Haldor Topsoe to build large-scale SOEC electrolyzer manufacturing facility to meet customer needs for green hydrogen
07 March 2021
Haldor Topsoe will invest in a manufacturing facility producing highly efficient solid oxide electrolyzers (SOEC) with a total capacity of 500 megawatt per year with the option to expand to 5 gigawatt per year.
With efficiencies above 90%, Topsoe’s proprietary SOEC electrolyzers offer superior performance in electrolysis of water into hydrogen—e.g., 30% greater output—when compared to standard alkaline or PEM electrolyzers. The superior efficiency stems from the fact that the SOEC works at temperatures above 700 ˚C, which sets it apart from standard electrolysis technologies. The facility is expected to be operational by 2023.
Solid oxide electrolysis cell (SOEC) technology is attractive because of unrivaled conversion efficiencies—a result of favorable thermodynamics and kinetics at higher operating temperatures. SOECs can be used for direct electrochemical conversion of steam (H2O), carbon dioxide (CO2), or both into hydrogen (H2), carbon monoxide (CO), or syngas (H2+CO), respectively. SOECs can be thermally integrated with a range of chemical syntheses, enabling recycling of captured CO2 and H2O into synthetic natural gas or gasoline, methanol, or ammonia, resulting in further efficiency improvements compared with low-temperature electrolysis technologies.—Hauch et al.
The SOEC is a ceramic cell that uses electricity to split water molecules (H2O) into hydrogen (H2) and oxygen (O2). It basically consists of three parts: an anode, a cathode and an electrolyte. At the cathode, water molecules are split by a reduction reaction into hydrogen and oxide ions, the oxide ions are transported through the electrolyte to the anode where they are oxidized into oxygen.
Structure, operating principle, and performance of an SOEC. (A) Electron microscopy image of the active layers of an SOEC (color overlaid) and the electrochemical reactions occurring in the cell during H2O and CO2 electrolysis. Typical performance ranges for competing electrolysis technologies for (B) H2O splitting and (C) CO2 splitting. Etn, thermoneutral potential. Hauch et al.
The SOEC is mainly built of abundant and low-cost ceramic materials in a metal housing. No rare metals or conflict minerals are used.
With the new facility, Topsoe will accommodate the rapidly increasing demand for competitive electrolysis technology, predominantly for green hydrogen plants based on renewable electricity.
Development of the automated manufacturing facility that will be the largest of its kind is ongoing. Construction will commence in 2022 in order for the facility to be operational by 2023.
Topsoe is currently a global leader in hydrogen technology, catalysts, and services that enable efficient production of hydrogen. Offerings include technologies for traditional natural-gas-based hydrogen production with the option of carbon capture, also known as blue hydrogen, as well as green hydrogen with the SOEC electrolyzer technology.
Topsoe is already engaged in several projects to produce green hydrogen, green ammonia, green methanol, and green fuels. An example is the Helios project in NEOM, Saudi Arabia, announced in July 2020, which includes the world’s largest ammonia loop delivered by Topsoe.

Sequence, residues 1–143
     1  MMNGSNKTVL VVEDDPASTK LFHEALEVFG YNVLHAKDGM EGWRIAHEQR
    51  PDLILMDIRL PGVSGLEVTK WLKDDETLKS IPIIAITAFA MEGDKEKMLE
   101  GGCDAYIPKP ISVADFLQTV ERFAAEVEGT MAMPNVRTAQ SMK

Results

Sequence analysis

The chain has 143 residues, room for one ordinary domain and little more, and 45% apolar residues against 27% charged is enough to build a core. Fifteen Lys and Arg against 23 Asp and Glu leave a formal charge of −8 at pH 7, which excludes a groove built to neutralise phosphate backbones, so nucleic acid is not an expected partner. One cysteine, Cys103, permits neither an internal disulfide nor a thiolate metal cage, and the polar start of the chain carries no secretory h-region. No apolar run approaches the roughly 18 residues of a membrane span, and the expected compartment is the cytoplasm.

With the SOEC technology and decades of experience as a world-leading technology provider within ammonia, methanol, gasoline, jet-fuel, diesel, and hydrogen, Topsoe is one of the few companies that can deliver insights and technology along the entire value chain for next-generation fuels and chemicals.
Our unique end-to-end offering within green hydrogen production by electrolysis and the associated downstream production of ammonia, methanol, and e-fuels offers customers high-value products, safe transportation, and energy-efficient storage, and we are already talking with potential customers who are interested in being first movers in this space.—Amy Hebert, Chief Commercial Officer of Haldor Topsoe
A. Hauch, R. Küngas, P. Blennow, A. B. Hansen, J. B. Hansen, B. V. Mathiesen, M. B. Mogensen (2020) “Recent advances in solid oxide cell technology for electrolysis” Science doi: 10.1126/science.aba6118
500MW is proper industrial scale, and 90% efficiency means that even after re-conversion to electricity at, say, 50% efficiency, and we have hit more than that already with far more possible, overall trip efficiency is 45%.
That is considerably more than the fossil fuel cycles which we have run the world economy on for many decades, but if the hydrogen is from renewables, without the nasties, either GHG or particulates et al.
Battery only advocates love to tout the efficiency of the system, but the notion of using batteries for long term storage is ludicrous, with nothing in the figures working, either costs or indeed the basic chemistries, with self drain from batteries at around 1% per day.
How the heck do you do seasonal storage that way?
Batteries are fine for frequency regulation, and load shifting for an hour or so, but not for serious mass storage, so they are not comparing like for like.
Posted by: Davemart | 07 March 2021 at 03:18 AM
CO2, water, renewable electricity to syngas to fuel.
One reason we sequester carbon, reuse to reduce.
Posted by: SJC | 07 March 2021 at 11:39 AM
This integrates even better with advanced nuclear. Nuclear can supply the always-on power to keep the cells hot even when they're not being actively used, and the bias voltage to keep the oxidation state of the electrodes from being reversed and damaging them.
Posted by: Engineer-Poet | 08 March 2021 at 06:30 AM